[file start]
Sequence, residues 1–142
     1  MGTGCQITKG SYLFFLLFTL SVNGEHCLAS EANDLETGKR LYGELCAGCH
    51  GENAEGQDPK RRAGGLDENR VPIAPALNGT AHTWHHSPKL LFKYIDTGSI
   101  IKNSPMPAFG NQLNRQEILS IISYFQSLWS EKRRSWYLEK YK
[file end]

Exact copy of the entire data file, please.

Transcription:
Sequence, residues 1–142
     1  MGTGCQITKG SYLFFLLFTL SVNGEHCLAS EANDLETGKR LYGELCAGCH
    51  GENAEGQDPK RRAGGLDENR VPIAPALNGT AHTWHHSPKL LFKYIDTGSI
   101  IKNSPMPAFG NQLNRQEILS IISYFQSLWS EKRRSWYLEK YK